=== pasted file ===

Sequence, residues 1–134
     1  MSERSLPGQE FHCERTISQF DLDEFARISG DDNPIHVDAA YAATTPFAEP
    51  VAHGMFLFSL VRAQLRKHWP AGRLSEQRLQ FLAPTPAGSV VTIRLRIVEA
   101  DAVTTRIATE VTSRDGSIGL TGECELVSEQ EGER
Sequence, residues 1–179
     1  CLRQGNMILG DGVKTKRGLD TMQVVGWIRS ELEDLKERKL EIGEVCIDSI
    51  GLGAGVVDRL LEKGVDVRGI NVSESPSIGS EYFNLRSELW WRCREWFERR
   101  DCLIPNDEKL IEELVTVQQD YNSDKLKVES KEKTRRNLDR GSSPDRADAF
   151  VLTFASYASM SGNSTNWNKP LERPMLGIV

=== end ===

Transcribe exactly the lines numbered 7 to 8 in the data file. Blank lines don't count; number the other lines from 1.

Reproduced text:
    51  GLGAGVVDRL LEKGVDVRGI NVSESPSIGS EYFNLRSELW WRCREWFERR
   101  DCLIPNDEKL IEELVTVQQD YNSDKLKVES KEKTRRNLDR GSSPDRADAF